On Looking into a Hedge
They have an expression down in Co Tipperary when asked to do something of great complexity: “You might as well be looking into a hedge.”
They have an expression down in Co Tipperary when asked to do something of great complexity: “You might as well be looking into a hedge.” This could be said by a husband asked to put on the washing machine, when confronted with the complexity of the dial – although the same husband has no problem watching a football match on television while simultaneously recording another match using two remote controls at the same time. So imagine the consternation when on looking into hedges in the adjoining counties of Kilkenny, Carlow and Kildare the peerers were confronted with a sight as shown in this picture. Further examination revealed it to be caused by thousands of caterpillars who had spun this web about themselves and were happily denuding the shrubs of the hedge of all their leaves.
What was this – some new creature arrived here because of global warming and one about to wreak devastation on all the hedges of the country?
It is actually the caterpillar of the orchard ermine moth – rare enough in this country but not unknown. In certain years it goes on the rampage in hedges. Thousands of caterpillars hatch out, they feast on the leaves of blackthorn or related shrubs and then pupate and turn into white furry moths with black spots. The hedges will recover at this point as all moths only eat at the caterpillar stage and not the adult stage. The webs are very effective at protecting the caterpillars from being eaten by hungry birds although the adults form a tasty morsel if caught by a sharp-eyed bird. This is why such obviously seen species of moths fly at night when the birds are asleep. They form a large part of the diet of bats however – another good reason for loving and encouraging bats.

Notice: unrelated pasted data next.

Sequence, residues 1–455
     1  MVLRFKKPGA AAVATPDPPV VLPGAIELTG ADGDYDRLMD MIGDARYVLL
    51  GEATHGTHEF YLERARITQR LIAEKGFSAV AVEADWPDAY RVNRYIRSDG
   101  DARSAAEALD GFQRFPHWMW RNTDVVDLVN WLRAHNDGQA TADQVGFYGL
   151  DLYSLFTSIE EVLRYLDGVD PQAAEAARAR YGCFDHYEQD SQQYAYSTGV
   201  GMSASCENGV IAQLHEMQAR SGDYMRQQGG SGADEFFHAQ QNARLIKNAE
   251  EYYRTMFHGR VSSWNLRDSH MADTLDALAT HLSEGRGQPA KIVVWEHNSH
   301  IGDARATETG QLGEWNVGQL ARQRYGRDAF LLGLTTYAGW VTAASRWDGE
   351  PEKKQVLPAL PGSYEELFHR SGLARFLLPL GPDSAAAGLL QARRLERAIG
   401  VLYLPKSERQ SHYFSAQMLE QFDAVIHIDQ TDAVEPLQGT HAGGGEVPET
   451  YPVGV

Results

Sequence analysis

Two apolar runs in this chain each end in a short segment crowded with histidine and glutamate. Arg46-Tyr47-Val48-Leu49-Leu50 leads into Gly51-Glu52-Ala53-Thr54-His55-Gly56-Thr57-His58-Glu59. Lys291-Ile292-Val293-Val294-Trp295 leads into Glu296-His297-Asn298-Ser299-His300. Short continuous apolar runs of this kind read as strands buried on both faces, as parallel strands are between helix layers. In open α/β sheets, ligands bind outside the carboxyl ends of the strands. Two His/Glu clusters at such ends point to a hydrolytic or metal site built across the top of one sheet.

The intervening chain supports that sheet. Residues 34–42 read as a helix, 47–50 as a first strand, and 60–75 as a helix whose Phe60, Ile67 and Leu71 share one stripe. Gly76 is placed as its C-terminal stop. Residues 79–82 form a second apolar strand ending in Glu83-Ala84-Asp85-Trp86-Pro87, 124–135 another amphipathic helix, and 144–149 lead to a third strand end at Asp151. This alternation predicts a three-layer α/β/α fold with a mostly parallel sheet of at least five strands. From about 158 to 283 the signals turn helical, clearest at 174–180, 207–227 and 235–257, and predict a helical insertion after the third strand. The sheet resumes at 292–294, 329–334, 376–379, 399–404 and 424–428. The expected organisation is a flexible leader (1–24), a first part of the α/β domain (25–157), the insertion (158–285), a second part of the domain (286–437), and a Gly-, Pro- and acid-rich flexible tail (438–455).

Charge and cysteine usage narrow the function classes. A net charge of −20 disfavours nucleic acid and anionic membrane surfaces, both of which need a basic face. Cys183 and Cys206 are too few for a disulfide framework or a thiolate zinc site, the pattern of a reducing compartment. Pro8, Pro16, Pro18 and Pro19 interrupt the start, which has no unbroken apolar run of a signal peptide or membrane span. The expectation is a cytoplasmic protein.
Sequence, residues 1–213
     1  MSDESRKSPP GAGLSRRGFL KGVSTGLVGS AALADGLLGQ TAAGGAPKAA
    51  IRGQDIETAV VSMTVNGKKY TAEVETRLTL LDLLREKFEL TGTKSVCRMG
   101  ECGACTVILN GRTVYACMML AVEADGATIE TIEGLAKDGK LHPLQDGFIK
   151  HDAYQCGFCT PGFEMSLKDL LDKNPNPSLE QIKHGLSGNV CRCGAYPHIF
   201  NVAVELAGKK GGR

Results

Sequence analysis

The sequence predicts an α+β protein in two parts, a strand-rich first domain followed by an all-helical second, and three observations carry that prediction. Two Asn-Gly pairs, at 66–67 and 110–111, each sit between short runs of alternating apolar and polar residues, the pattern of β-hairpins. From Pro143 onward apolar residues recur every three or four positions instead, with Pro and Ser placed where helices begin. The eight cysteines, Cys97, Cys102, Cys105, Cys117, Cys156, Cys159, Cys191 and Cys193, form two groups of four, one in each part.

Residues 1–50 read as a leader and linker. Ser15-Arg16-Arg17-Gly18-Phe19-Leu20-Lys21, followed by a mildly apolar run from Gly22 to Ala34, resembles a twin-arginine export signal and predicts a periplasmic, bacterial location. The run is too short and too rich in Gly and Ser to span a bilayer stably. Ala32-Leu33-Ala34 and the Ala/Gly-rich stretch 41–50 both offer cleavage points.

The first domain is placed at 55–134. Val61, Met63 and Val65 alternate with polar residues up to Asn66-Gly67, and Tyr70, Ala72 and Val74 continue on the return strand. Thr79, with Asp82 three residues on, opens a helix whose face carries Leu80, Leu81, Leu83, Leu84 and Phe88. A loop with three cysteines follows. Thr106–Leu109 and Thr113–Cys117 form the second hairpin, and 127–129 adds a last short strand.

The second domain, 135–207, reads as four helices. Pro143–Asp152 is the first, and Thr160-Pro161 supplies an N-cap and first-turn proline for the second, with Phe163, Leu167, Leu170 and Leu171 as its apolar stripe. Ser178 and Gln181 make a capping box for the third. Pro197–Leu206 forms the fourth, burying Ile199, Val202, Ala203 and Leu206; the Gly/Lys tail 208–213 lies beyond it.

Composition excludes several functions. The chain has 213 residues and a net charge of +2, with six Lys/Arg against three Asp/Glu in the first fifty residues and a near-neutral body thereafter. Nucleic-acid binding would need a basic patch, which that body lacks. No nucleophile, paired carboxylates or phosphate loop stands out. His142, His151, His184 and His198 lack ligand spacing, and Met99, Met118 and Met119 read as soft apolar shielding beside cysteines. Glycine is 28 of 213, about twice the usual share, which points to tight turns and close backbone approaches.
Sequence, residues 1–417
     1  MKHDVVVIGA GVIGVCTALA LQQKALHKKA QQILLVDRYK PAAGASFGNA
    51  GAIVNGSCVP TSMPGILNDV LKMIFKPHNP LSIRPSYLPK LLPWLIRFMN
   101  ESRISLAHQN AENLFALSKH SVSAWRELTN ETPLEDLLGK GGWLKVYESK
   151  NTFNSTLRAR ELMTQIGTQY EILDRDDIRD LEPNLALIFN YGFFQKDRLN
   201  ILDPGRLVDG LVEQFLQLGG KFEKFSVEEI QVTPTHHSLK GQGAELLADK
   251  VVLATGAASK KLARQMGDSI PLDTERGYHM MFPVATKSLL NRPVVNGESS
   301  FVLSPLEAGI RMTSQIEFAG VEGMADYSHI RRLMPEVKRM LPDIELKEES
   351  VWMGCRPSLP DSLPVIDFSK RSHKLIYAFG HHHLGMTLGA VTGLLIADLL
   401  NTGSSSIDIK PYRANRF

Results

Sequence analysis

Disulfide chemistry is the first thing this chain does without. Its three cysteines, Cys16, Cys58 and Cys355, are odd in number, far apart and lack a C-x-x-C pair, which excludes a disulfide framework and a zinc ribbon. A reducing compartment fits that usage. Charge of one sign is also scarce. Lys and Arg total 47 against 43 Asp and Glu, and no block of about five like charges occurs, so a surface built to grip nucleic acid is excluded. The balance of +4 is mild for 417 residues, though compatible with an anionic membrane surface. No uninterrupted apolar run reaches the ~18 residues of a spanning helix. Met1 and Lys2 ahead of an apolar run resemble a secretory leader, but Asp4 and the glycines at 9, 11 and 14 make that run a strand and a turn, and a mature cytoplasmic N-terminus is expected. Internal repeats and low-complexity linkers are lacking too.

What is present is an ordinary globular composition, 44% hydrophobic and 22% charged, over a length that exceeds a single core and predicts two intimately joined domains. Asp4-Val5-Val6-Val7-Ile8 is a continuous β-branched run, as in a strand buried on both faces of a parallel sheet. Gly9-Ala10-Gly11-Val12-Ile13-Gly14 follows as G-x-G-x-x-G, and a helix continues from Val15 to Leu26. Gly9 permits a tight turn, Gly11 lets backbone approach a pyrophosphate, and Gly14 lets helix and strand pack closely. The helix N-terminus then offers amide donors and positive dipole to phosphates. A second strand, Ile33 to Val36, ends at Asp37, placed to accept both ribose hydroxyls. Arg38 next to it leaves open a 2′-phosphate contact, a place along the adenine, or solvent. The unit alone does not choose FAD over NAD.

But it certainly is a spectacular sight as a web covered caterpillar colony and rewards the effort expended looking into a hedge.